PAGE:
Contemporary Drug Problems

Drinking and public space in early modern German lands.

This paper explores the relationship between drinking and public space in early modern Bavaria (Germany) and Bern (Swiss Confederation). Contemporaries drank alcohol mainly on sociable occasions and in public houses. Due both to mounting demand (greater spatial mobility) and to supply (potentially high income for publicans), the number of establishments increased between 1500 and 1800. Most emerged near markets and thoroughfares. Closer analysis reveals the spatial ambiguity of early modern inns, taverns and alehouses. While obliged to grant access to the "public," they were simultaneously "private" households of their keepers. Furthermore, individual rooms were not invariably marked as "public" or "private" but were opened or closed depending on specific occasions. As social sites, public houses became contested spaces, reflecting the conflicting interests of authorities, patrons and publicans. The provision of victuals, sociability and public services helped to stabilize communities, while alcohol-related violence and unrest could challenge the existing order.

KEY WORDS: Drinking houses, public space, early modern Europe (Germany/Switzerland), history.


Reflecting a more general "spatial turn" in the humanities, historians have paid increasing attention to public space. Within the field of early modern studies, there are two main areas of debate:

1. A closer investigation of the relationship between "private" and "public" space. Case studies of various pre-modern contexts suggest that there was no clear-cut borderline, but rather a dynamic interplay of the two spheres. In terms of spatial arrangements, for example, historians have found subtle graduations of increasingly closed spaces within houses as people moved from generally accessible workshop areas to more restricted family parlors, while normally private rooms could be opened up for public representation. On a more abstract level, private householders were officially charged with public duties such as the upkeep of order among their dependents. (1)

2. A critical review of Jurgen Habermas's seminal concept of the "political public sphere." In contrast to his emphasis on the purely "representational" character of public exchange in early modern Europe and the genesis of informed reasoning in 18th-century coffeehouses, historians have pointed to evidence for at least temporary or thematic "public spheres" in earlier periods. Examples include the age of the Reformation, with its pioneering use of the new mass-medium of print technology, and the unparalleled intensity of pamphleteering and petitioning in the era of the English civil war. (2)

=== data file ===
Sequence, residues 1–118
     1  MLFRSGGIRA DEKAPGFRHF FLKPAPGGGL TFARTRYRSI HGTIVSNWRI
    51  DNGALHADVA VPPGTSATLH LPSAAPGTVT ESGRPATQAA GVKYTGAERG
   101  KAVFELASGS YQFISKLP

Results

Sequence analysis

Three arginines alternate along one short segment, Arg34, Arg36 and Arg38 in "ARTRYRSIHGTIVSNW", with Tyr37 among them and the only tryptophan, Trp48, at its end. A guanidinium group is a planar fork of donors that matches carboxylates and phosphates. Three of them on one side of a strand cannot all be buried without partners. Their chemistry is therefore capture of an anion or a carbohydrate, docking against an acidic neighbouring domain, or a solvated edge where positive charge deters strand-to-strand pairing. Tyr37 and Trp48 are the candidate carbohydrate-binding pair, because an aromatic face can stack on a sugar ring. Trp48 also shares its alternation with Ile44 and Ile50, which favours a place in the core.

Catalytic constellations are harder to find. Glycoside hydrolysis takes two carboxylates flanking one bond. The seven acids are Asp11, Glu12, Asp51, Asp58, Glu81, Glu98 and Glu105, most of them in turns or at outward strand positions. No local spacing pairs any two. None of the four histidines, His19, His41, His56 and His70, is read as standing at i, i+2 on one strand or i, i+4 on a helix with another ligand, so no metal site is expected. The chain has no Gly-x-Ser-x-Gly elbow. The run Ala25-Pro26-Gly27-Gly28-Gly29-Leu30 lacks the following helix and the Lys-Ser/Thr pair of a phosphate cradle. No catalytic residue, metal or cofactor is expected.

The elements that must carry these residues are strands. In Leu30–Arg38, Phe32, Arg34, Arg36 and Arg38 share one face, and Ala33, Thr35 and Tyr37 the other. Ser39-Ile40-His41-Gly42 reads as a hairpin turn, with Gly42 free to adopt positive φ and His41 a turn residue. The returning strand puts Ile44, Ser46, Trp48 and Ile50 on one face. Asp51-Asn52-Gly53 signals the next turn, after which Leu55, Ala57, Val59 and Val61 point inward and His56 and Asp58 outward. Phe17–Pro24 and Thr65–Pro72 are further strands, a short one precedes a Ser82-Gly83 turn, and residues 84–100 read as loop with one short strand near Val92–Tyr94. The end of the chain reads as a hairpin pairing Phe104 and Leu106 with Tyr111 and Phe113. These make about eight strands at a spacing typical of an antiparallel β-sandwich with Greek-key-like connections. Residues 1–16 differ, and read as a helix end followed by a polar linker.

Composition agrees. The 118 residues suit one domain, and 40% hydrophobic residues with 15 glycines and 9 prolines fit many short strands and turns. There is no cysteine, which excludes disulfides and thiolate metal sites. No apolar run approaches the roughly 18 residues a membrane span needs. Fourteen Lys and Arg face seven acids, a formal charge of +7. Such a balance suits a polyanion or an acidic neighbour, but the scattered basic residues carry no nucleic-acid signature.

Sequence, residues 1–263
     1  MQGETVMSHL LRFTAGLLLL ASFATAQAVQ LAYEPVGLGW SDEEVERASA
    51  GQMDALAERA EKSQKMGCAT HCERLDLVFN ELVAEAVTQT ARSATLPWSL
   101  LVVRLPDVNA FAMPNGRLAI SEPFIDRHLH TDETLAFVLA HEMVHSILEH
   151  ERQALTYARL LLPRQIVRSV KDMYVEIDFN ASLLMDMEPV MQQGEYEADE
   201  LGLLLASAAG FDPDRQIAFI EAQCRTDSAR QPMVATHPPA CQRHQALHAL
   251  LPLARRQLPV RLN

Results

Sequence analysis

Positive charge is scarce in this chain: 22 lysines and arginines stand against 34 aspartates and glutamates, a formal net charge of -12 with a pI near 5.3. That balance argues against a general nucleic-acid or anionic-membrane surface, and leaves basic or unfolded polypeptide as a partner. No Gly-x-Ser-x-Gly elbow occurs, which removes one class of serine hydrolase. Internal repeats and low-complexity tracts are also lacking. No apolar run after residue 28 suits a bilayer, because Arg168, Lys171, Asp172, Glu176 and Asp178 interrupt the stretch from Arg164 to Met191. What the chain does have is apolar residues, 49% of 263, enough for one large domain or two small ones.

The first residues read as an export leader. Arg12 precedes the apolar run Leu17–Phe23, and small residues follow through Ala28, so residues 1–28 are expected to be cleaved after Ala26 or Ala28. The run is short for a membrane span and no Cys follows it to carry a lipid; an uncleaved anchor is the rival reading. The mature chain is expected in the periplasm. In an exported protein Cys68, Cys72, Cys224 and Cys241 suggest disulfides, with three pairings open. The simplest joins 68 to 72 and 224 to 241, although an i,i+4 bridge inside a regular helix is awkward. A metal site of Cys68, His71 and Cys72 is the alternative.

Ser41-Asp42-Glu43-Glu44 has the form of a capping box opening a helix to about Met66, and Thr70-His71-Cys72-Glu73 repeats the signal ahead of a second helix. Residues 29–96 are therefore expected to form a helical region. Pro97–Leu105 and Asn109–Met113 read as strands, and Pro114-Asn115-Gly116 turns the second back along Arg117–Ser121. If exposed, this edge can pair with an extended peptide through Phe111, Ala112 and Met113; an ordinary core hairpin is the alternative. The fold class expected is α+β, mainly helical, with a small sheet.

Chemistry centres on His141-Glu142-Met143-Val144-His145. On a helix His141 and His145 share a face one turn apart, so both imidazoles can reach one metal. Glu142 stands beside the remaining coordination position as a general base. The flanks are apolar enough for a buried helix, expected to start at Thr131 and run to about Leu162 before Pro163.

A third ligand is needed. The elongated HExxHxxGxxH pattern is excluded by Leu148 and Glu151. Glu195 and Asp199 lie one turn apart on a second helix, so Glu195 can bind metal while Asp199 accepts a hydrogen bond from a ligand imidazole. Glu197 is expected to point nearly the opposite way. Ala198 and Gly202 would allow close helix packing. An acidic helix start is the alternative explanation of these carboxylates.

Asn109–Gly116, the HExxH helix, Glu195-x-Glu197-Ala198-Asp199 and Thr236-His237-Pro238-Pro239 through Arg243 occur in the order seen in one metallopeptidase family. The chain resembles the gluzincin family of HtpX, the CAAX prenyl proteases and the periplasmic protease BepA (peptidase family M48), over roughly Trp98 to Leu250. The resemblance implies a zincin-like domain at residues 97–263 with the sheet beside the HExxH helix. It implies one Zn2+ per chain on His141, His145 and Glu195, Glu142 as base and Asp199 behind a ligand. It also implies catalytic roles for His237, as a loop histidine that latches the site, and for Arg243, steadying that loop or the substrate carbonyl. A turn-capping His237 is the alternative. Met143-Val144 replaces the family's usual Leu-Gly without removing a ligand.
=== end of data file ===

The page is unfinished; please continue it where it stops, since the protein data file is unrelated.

Scope and structure of the paper

This paper takes a spatial approach to pre-industrial drinking customs. Adopting a pragmatic definition, the term "public" is used for anything "generally accessible, binding or useful," while "private" refers to what is "accessible, binding or useful to a lesser or more restricted extent." (3) The argument focuses on drinking establishments like inns, taverns and alehouses. As ubiquitous social centers, they offer ideal case studies for our purposes. Identified by a prominent sign, accessible to both locals and visitors, closely supervised by local authorities, providing a range of socio-cultural services and, crucially, a social lubricant in the form of alcoholic beverages they meet all the requirements for public spaces. (4) Recent historiography has even credited them with a role in the emergence of the "bourgeois public sphere." (5)

The following survey draws primarily on two case studies from different constitutional and confessional contexts: the Catholic principality of Bavaria in the Holy Roman Empire and the Zwinglian City Republic of Bern in the Swiss Confederation. The relationship between drinking and public space is examined from four complementary perspectives:

1. The "public discourse" in official regulation and moral literature.

2. Patterns of private and "public consumption."

3. The spatial setting of "public houses."

4. "Public repercussions" of alcohol consumption for early modern society as a whole.

1. "Public discourse"

The chief voice in the public discourse on drinking was the regulation of alcohol production and consumption by secular and ecclesiastical authorities. In both cases, official attitudes appear ambiguous.

Feudal, urban and central bodies all regulated drinking from the late Middle Ages, with a particular proliferation of rules emerging from the early modern "police state." In Bern and Bavaria, as elsewhere, central bodies sought to maximize control over the well-being and moral behavior of their subjects. A survey of relevant legislation, however, highlights both dangers and benefits of public drinking. (6) With regard to dangers, we find bans on adulterating beverages and frequent reminders that consumption had to be orderly and moderate. All authorities associated drinking with potential moral decline and political subversion. Yet, on the other hand, secular rulers were well aware that alcohol provided a crucial facilitator of social exchange. Countless forms of human interaction involved a shared drink at the tavern, from the sealing of business contracts to the forging of civic bonds. In this sense, public houses helped to stabilize the existing order. …

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